Dec 14, 2023 - Energy & Environment

Why oil titans are "positive" on COP28 deal

Illustration of a handshake in a graphic circle next to stacks of oil barrels

Illustration: Annelise Capossela/Axios

If the oil industry and petro-states fear the COP28 deal, they're certainly not showing it in public.

Why it matters: Responses signal they don't see the deal having a major impact on the market for their products — at least not for quite a while.

Catch up fast: The non-binding Dubai agreement calls on nations to transition away from fossil fuels.

  • But it omitted calls to "phase out" and doesn't seek to impose transition timing beyond calls for "net zero" in 2050.
  • Saudi Arabia and various other producing states opposed the popular "phase out" push.

What they're saying: American Petroleum Institute head Mike Sommers, posting on X, said all forms of energy are needed amid rising demand. He added delegates "realized too-far/too-fast mandates are unproductive."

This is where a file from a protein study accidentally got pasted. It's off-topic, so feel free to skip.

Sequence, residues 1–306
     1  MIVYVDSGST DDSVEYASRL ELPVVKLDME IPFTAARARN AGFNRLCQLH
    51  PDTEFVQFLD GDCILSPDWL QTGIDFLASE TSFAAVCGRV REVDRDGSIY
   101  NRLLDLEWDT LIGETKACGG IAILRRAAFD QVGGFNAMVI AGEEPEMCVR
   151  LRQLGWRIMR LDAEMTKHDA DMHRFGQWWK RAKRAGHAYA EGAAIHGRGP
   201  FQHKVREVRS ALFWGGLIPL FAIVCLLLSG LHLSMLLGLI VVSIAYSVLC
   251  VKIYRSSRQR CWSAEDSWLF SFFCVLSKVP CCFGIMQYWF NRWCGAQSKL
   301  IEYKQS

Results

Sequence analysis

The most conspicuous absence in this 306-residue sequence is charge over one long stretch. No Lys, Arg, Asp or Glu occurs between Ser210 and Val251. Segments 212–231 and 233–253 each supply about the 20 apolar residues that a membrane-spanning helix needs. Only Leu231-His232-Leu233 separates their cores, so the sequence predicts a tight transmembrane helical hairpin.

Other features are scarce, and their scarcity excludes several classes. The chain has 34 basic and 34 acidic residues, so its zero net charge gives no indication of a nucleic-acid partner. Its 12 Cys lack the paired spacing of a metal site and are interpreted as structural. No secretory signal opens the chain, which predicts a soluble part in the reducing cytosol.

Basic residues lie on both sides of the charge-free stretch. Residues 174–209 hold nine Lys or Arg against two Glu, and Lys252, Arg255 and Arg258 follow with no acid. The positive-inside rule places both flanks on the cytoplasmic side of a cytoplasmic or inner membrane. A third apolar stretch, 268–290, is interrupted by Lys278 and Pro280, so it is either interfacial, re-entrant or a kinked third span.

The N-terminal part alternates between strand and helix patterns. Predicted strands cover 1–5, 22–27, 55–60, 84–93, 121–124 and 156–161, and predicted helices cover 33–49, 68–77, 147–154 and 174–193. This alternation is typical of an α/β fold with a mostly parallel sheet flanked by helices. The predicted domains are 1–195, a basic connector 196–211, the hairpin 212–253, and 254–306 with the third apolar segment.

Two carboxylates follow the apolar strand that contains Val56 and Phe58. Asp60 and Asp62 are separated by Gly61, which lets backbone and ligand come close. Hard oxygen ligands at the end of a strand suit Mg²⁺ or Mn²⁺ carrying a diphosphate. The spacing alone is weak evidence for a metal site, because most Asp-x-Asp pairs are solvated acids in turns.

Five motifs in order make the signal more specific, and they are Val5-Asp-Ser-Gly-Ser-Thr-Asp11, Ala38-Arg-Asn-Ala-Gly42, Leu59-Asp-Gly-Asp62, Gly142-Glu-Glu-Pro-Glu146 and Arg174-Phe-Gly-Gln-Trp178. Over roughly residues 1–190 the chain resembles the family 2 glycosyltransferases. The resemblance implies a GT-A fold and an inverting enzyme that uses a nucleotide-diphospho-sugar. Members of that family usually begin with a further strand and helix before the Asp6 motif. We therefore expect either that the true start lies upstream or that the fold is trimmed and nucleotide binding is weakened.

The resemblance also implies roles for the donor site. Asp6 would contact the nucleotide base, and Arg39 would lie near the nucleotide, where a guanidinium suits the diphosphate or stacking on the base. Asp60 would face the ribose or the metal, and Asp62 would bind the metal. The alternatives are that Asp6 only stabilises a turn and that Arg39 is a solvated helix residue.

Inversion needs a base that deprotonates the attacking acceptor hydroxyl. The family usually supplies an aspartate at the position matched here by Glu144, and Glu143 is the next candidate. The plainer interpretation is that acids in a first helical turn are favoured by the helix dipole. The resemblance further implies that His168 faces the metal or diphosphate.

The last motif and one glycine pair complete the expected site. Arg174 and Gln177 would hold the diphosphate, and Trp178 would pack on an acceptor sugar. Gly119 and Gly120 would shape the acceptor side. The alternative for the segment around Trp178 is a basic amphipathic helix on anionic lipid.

• "The pharaoh methodology of dictating things has been buried, and so people are free in their choices," Saudi energy minister Prince Abdulaziz bin Salman told Al Arabiya TV, per multiple outlets.
  • OPEC and the Gas Exporting Countries Forum, in a joint statement, applauded the "consensual and positive outcome."
  • European heavyweights Shell and Eni also praised the deal, per the NYT.

The intrigue: A Wood Mackenzie analysis flags the deal's statement that "transitional fuels" will play a role in a low-carbon shift while ensuring security.

  • They call that text "good for natural gas," given its role in balancing intermittent renewables. Bloomberg has more.
  • The agreement also name-checks carbon capture as a useful tool, which lines up with the industry's strategy.
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